It happened to me too.
According to Google Translate, vase in Spanish is "florero". Which makes me think their word is derived from what you generally use a vase for (flowers in English, flores in Spanish).
Yup, but we also have jarrón for vase, which is more generic (you wouldn't call an antique porcelain vase florero).
b and v have essentially the same sound in spanish (similar to how c/k act in english). The sound they make is like the b in english.
I remember my high school Spanish 1 teacher telling us that Spanish b's and v's both sound like English b's. So that's how I've always pronounced them.
Taza can refer to a measuring cup, but it can also refer to a drinking cup. Generally speaking ...
Vaso - a glass - something you would likely serve water, juice, tea, or other cold beverages in
Taza - a cup - something that you would likely serve coffee, cocoa, or other hot beverages in, likely to have a handle, might be ceramic
Copa - a glass - something that you would serve wine or a mixed drink in, likely to have a stem (Also used colloquially to mean an alcoholic drink in the same way we say "can I buy you a drink" meaning booze.)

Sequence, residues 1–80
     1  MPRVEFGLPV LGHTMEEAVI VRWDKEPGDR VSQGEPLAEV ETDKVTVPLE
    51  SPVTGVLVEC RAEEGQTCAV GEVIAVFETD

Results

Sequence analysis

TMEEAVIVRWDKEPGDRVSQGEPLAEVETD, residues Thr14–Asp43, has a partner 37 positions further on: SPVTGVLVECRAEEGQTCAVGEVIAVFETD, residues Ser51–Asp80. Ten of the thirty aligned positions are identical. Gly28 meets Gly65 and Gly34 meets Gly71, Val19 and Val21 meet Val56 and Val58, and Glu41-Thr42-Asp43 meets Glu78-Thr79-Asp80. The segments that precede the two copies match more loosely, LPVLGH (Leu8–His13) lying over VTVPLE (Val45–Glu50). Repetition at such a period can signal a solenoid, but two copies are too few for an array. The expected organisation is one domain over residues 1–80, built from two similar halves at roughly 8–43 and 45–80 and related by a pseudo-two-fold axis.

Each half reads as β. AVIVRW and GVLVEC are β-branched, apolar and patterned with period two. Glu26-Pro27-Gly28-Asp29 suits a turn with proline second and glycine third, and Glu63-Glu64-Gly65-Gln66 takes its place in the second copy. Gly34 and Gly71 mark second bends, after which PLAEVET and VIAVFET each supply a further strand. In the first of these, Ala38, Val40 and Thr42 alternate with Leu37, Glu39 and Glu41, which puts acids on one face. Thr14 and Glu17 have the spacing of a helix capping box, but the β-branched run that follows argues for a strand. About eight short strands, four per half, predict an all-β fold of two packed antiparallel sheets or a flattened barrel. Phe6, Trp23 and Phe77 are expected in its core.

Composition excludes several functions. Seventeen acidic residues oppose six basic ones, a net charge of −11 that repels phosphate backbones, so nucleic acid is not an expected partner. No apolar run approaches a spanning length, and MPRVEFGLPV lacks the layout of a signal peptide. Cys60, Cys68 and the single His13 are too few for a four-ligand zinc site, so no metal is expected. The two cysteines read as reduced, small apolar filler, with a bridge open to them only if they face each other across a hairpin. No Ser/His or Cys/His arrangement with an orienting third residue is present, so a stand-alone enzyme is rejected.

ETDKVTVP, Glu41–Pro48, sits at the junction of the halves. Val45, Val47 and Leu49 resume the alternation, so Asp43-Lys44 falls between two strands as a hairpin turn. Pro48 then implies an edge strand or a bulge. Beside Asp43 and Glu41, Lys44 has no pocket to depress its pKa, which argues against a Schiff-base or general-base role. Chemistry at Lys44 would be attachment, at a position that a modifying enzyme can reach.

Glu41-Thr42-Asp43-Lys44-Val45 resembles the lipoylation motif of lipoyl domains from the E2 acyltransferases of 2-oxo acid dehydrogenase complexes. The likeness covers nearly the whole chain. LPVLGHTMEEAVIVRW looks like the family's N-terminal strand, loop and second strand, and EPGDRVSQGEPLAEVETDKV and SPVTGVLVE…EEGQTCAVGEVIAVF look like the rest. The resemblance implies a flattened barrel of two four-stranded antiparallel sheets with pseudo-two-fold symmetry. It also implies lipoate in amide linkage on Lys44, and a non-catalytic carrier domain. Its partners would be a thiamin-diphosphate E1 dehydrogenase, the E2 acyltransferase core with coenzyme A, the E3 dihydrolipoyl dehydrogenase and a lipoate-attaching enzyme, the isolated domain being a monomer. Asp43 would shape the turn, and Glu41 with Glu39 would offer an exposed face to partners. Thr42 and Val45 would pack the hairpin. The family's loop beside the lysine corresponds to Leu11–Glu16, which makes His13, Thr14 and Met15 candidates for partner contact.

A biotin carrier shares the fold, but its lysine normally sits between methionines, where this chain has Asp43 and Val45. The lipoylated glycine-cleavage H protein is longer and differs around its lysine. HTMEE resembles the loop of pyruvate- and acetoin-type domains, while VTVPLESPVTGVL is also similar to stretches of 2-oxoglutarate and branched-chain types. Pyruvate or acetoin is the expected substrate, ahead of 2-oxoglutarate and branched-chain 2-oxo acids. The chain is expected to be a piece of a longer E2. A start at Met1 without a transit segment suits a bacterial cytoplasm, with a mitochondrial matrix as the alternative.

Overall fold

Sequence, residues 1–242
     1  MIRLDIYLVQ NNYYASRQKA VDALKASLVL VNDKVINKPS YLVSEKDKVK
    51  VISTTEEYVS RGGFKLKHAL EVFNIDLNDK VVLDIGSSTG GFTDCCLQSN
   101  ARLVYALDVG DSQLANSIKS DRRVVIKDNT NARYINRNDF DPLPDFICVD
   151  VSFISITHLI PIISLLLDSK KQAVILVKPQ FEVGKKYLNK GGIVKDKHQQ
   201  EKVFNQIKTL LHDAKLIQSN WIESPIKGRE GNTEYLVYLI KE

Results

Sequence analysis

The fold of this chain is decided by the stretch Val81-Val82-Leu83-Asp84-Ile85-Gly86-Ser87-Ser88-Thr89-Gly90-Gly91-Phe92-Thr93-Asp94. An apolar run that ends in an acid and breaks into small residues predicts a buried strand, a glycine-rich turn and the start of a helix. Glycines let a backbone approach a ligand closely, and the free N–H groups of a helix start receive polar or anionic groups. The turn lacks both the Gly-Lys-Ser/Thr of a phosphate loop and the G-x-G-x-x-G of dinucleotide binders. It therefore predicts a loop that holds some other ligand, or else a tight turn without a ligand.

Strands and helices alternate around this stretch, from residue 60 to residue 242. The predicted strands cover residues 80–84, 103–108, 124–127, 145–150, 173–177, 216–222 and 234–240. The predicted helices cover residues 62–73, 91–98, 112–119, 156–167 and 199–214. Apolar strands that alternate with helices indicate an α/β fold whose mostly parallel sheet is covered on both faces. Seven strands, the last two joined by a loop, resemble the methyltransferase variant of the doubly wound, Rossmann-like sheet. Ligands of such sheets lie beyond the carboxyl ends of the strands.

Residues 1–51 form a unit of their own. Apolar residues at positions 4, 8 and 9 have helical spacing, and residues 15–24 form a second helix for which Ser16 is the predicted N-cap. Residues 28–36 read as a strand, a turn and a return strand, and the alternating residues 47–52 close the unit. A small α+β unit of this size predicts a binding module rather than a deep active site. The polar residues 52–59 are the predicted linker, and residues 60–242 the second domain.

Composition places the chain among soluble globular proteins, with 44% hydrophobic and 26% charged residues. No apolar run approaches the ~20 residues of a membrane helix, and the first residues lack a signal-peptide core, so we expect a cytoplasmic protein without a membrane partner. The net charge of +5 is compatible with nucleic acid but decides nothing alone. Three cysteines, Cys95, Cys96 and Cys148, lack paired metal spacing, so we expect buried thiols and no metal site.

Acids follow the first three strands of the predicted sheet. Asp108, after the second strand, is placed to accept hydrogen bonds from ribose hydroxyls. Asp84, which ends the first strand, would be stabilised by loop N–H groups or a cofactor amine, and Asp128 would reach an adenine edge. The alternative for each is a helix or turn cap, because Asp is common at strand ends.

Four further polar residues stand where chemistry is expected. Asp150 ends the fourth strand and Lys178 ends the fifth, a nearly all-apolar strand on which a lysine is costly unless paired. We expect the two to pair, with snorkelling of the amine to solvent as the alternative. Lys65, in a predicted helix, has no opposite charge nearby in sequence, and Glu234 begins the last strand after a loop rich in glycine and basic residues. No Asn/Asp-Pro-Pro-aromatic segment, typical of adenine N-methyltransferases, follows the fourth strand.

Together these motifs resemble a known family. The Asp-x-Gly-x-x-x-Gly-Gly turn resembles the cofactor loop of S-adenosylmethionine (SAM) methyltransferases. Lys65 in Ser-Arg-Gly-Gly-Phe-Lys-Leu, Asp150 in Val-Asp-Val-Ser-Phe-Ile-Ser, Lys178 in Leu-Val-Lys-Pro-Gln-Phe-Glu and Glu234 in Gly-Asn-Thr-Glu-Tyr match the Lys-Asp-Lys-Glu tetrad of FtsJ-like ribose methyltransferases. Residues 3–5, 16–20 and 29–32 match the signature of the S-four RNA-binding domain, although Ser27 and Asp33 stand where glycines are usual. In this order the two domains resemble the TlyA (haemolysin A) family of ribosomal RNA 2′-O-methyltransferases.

FULL DISCLOSURE: Native English speaker - US, Southern Appalachian dialect. Other uses of English may vary. Advice about Spanish should be taken with a grain of salt.
The guy sounds like 'baso' but the woman makes it sound more like the way you spell it, 'vaso'. It's weird.
I typed "a glass" and it said incorrect. The correct answer showed "A glass"
Duolingo has never dinged me for capitalization before...
una taza is a cup. un vaso is more like a glass (like a glass you drink from). Vaso is also something we call a "false cognate". A "cognate" is when a word is similar between two languages, like "inteligente" and "intelligent". Vaso is a "false cognate" because vaso doesn't refer to a vase, but rather a glass. I've never had to use the word vase in spanish, but I don't believe its actually vaso.